Section 20(1) provides that ‘the Minister may issue directions in writing to any Kgosi, not inconsistent with the provisions of this Act, for the better carrying out of the provisions of this Act.’ Misgivings about this section have been given for the same reasons as discussed in relation to section 17(b) above. It, however, has to be noted that the Minister cannot give directions which are inconsistent with the provisions of the Act.
In our view, this limitation on the Minister’s powers, just like the limitation at section 17(b), is sufficient to safe guard the rights of Dikgosi, especially because the court’s jurisdiction to adjudicate on disputes thereof is not ousted by the Act. Section 20 (2) provides that ‘any Kgosi who without good cause fails to comply with any directions given to him or her by the Minister shall be liable to be reprimanded, suspended, stoppage of increment of salary or deposed in accordance with the provisions of section 13.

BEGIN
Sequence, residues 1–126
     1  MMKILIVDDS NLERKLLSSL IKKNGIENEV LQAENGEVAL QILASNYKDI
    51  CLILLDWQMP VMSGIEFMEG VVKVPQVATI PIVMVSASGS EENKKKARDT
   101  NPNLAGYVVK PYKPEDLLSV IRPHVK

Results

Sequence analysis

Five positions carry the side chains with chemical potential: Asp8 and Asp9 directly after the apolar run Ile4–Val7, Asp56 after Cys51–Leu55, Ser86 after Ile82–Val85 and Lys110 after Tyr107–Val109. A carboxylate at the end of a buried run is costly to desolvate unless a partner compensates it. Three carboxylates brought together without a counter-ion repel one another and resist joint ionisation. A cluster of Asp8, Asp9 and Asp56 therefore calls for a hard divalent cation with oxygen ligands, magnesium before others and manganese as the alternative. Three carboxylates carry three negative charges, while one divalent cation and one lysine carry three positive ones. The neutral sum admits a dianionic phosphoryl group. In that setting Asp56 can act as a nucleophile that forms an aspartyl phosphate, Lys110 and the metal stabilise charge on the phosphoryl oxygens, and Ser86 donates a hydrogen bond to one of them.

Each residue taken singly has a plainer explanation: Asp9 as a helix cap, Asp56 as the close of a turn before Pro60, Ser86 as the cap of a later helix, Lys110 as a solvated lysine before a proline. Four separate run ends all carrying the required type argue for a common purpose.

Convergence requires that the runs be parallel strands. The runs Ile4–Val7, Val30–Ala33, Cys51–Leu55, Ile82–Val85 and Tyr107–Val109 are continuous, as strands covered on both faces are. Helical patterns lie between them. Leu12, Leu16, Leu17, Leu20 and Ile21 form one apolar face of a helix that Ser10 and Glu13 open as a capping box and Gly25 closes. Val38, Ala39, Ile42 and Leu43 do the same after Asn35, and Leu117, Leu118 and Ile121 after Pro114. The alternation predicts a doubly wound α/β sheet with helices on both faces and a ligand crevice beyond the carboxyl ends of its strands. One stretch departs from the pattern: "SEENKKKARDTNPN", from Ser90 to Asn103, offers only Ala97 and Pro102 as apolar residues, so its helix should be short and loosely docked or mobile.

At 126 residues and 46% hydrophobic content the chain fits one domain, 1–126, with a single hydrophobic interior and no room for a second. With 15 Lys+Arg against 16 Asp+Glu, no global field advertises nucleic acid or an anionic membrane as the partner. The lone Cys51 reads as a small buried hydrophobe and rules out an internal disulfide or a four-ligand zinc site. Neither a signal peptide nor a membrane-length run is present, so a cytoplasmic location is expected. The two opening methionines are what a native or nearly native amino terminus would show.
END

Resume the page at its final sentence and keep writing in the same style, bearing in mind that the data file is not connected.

As discussed last week, most, if not all, Dikgosi and many commentators are opposed to the Minister being bestowed with the power to discipline Dikgosi, let alone remove a Kgosi from office. Just to refresh our minds, some Dikgosi are on record arguing that since their positions are attained by birth, and they are responsible for a whole tribe, and politicians are, in fact, their subjects, they should rank above politicians.
In their view, it is, therefore, anomalous that a Minister, who is a politician, should have the power to recognise them, supervise them and withdraw their recognition. As stated in last week’s article, Kgosi Kebinatshwene Mosielele of Manyana is on record saying “we have always maintained our stance that de-recognition of a Kgosi by the Minister should be removed. As a Kgosi you are born a leader so there is no how someone, a politician can have powers to de-recognise you.”